ORA-02063: Preceding String Error

Sometimes an error crops up in Oracle that seems to have no solution of its own. Instead, these errors tag along with other errors in a quest to halt databases and frustrate database managers. The ORA-02063 is one of these followers – an error with an abstract cause, little information for its solution and a set of errors that accompany it. However, just as with any error, there is a way to tackle this error.

The Problem

The Oracle docs state that the ORA-02063 error, “preceding stringstring from stringstring”, is caused by an Oracle error that is received from a remote database link. The My Oracle Support Community (MOSC) gives a description of the ORA-02063 error, saying that it happens when “you want to query or update a remote table and receive the following error”:

ORA-02063: preceding line from <name of a database link>
This notes that the error can typically occur in response to an error at a remote database or table. In fact, when an error is generated at a remote database it usually is accompanied by an ORA-02063.

One interesting note is that the ORA-02063 typically pops up in conjunction with the ORA-02042 error, so we should talk a little more about the ORA-02042 error for a moment to establish a strong background. The ORA-02042 is an error caused by too many distributed transactions; we will speak more about what these are momentarily. The cause of this error is that the distributed transaction table was full due to too many distributed transactions remaining active.  Let’s now turn to what steps can be taken to develop a solution to these errors and see how fixing one error can possibly correct the other.

The Solution

The unfortunate aspect of an error like the ORA-02063 is that, due to its often-nebulous origins, it can be unclear about how to proceed and develop a quick and simple solution to the problem. In this case, the advice aligns pretty well with Oracle Docs. Their suggestion for action is to “refer to the preceding error message”, which can be an admittedly frustrating solution to the problem. It is also a great piece of advice, and it is in line with our initial recommendation for any error. Check the preceding error, check your logs, go back over the moments just prior to the error occurring and search for anything that may seem abnormal. The preceding error can help provide a bit more evidence and cam possibly pointing to a specific line that is causing the problems.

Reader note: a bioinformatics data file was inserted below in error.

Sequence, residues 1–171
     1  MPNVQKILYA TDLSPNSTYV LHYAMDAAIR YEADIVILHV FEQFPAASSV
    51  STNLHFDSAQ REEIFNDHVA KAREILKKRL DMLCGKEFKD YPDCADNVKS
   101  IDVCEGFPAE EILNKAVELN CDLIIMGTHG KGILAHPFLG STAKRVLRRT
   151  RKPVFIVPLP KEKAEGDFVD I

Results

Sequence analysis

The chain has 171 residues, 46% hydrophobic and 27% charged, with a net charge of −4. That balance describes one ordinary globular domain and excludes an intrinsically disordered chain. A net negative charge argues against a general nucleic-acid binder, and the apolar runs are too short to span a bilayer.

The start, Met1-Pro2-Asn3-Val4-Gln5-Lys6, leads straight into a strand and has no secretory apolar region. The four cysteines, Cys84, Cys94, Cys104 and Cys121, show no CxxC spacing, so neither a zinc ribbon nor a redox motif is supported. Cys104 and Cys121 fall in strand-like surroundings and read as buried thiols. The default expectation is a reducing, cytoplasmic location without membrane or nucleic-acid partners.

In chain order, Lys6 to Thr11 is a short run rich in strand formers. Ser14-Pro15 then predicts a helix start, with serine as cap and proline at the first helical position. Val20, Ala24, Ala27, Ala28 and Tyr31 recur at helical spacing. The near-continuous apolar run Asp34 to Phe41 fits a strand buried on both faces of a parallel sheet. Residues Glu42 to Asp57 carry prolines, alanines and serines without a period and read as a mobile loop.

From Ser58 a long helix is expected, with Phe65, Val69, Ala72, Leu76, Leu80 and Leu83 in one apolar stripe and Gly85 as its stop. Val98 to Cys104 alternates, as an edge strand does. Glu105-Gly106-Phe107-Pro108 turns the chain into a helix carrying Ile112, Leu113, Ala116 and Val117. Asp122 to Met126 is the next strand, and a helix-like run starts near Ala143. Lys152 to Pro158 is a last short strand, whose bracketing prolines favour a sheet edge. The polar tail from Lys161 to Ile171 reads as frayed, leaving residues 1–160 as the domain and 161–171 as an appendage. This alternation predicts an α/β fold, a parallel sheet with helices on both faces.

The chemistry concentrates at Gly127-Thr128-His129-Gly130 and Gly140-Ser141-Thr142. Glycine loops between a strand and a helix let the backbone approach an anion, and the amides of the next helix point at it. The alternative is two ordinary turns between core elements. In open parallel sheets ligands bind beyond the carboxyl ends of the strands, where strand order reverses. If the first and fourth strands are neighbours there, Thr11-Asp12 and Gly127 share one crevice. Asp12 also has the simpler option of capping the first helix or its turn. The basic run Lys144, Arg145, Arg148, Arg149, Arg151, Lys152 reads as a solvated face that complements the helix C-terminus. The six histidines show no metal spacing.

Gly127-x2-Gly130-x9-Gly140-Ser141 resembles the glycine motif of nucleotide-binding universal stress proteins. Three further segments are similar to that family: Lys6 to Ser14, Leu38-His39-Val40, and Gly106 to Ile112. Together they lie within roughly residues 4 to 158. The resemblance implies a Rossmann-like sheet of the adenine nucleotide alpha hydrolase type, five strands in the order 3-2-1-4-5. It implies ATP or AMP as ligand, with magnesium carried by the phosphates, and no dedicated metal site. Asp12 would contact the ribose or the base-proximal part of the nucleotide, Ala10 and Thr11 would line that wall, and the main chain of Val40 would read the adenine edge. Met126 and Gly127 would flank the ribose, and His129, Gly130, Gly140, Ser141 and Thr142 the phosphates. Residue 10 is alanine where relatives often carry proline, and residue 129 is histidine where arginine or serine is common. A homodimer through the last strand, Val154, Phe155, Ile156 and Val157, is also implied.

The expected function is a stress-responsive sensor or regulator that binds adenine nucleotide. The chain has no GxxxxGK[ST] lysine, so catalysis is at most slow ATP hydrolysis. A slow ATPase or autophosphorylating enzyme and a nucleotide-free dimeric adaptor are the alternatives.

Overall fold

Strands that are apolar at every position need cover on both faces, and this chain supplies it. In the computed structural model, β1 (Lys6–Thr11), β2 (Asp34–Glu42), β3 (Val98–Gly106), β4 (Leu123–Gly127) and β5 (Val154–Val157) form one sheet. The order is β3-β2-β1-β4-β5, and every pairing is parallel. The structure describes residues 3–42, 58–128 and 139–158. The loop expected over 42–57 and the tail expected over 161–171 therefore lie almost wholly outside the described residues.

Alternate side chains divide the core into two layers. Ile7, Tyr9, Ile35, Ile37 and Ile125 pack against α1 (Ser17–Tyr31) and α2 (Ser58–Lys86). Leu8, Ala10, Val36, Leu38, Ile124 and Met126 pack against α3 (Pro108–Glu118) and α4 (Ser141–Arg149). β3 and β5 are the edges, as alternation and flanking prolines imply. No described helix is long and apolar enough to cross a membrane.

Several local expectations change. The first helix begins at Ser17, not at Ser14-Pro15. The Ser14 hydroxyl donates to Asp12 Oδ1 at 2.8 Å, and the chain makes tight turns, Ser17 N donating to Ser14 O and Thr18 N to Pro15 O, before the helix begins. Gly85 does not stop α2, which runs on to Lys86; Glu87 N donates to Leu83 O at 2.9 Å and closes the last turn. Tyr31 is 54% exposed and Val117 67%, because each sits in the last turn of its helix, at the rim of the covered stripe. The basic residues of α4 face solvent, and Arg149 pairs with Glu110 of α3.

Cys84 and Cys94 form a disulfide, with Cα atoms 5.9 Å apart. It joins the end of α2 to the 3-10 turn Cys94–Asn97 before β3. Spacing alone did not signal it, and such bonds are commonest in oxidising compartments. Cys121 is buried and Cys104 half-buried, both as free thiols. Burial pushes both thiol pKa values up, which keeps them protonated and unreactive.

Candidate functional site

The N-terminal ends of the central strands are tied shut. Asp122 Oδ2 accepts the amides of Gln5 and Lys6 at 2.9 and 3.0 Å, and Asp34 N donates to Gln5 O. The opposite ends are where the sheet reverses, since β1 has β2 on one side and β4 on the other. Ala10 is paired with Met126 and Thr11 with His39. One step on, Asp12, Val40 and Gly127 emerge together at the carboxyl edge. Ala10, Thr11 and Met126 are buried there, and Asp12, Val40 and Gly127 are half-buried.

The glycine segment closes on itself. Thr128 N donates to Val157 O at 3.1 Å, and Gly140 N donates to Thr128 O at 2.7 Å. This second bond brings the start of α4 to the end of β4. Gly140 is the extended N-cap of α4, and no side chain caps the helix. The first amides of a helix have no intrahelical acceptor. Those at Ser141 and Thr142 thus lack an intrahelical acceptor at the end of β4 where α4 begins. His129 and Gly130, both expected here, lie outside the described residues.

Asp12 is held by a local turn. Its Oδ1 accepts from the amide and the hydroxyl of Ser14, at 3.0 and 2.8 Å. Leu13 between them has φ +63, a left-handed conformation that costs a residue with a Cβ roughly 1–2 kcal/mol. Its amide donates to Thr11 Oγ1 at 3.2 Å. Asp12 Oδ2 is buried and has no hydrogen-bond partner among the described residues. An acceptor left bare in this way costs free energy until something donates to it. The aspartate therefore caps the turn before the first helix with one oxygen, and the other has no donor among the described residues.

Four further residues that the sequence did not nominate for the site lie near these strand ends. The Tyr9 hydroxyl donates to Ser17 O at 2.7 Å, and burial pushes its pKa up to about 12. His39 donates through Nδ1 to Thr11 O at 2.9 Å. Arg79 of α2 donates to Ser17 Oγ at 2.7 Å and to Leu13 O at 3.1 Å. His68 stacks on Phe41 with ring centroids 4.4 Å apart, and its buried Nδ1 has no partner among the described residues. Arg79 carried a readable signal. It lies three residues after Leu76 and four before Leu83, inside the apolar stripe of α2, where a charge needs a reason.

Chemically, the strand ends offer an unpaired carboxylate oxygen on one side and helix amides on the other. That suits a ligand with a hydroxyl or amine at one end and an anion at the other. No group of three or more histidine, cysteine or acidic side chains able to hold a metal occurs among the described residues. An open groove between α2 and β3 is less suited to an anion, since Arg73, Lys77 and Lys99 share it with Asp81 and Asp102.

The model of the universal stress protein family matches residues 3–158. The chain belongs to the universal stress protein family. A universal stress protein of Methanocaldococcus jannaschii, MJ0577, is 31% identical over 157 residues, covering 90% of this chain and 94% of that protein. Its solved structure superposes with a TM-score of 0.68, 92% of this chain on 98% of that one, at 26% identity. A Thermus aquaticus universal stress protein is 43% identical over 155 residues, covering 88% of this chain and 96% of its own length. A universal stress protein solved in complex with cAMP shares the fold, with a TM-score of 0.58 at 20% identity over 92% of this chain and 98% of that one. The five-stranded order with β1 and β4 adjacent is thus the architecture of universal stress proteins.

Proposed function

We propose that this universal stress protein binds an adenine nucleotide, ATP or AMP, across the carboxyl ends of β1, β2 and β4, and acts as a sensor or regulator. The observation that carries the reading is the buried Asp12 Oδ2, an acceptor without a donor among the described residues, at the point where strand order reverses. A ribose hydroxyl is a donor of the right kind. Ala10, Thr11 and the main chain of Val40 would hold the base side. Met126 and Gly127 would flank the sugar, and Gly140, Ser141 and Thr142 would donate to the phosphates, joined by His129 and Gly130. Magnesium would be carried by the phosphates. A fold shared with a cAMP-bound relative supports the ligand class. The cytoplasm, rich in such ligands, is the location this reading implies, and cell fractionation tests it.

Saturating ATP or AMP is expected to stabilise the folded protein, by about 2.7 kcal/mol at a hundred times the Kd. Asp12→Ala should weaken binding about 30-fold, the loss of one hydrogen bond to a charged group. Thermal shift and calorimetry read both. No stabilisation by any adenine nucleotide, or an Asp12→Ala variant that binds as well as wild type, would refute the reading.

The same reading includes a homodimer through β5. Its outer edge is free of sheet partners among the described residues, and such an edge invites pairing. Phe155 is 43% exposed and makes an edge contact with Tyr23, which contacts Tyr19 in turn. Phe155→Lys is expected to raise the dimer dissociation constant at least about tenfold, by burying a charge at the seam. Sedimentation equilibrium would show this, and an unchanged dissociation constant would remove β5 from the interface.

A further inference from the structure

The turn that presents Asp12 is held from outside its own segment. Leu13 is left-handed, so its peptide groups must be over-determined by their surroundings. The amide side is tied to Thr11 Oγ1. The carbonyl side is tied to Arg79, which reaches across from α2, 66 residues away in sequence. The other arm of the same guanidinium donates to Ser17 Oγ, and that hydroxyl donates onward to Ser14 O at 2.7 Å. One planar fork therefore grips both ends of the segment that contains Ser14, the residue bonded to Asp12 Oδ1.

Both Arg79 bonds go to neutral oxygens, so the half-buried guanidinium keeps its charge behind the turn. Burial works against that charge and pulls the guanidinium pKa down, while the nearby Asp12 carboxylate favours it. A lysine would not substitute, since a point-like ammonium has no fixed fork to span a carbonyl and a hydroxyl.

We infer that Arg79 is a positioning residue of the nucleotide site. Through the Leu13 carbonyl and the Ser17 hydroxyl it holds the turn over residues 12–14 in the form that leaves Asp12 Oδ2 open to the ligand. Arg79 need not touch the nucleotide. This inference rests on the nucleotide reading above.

In practical terms, sometimes the ORA-02063 error happens when a select is issued over a database link and not a distributed transaction. In this case, a solution must be executed at the remote database. When this is the case, the parameter known as distributed_transactions must be increased at the remote database. In what can be a quick solution to the problem, go ahead and increase the distributed_transactions parameter at the local database if the problem does not seem to be based remotely.

What is a ‘distributed transaction’? If working in a distributed environment, when a select is issued in a session without the SET TRANSACTION READ ONLY command, the select query is considered a distributed transaction. This ties back in with the ORA-02042. As probably inferred, we can attack the ORA-02042 in an attempt to uproot the ORA-02063 error. The simple action is to run fewer transactions. We can do this by checking how many concurrent distributed transactions take place, as mentioned above, and employ the workaround of increasing the parameter.
Looking forward

This type of error provides the perfect example of how one small problem can lead to multiple database issues. That is why it is absolutely crucial to take note of any abnormalities in your system, especially in regards to how it is running and bits of code that seem out of place. Taking the time to make an adjustment early is a great habit and can save a lot of grief. For more tips and information on how to develop these types of habits, or for additional support for this error, it is recommended to contact a licensed Oracle consultant.

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